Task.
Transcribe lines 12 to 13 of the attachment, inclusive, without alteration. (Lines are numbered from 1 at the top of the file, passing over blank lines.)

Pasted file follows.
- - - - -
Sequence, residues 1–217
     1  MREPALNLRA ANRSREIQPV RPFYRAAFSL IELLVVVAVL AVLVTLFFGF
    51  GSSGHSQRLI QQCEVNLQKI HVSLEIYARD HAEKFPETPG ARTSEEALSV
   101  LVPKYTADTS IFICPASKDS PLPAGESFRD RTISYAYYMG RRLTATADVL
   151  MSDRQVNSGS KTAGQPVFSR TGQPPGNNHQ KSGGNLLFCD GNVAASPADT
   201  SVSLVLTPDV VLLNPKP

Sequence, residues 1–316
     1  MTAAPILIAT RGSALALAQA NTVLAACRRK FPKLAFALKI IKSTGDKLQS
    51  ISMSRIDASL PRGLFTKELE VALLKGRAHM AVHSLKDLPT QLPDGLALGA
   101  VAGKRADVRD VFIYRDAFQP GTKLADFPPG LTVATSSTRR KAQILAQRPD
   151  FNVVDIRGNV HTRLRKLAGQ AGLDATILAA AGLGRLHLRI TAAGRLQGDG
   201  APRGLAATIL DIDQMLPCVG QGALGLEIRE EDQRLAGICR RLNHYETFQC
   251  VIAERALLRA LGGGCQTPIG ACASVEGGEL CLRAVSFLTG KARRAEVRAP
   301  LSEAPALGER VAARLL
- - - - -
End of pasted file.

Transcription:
   201  APRGLAATIL DIDQMLPCVG QGALGLEIRE EDQRLAGICR RLNHYETFQC
   251  VIAERALLRA LGGGCQTPIG ACASVEGGEL CLRAVSFLTG KARRAEVRAP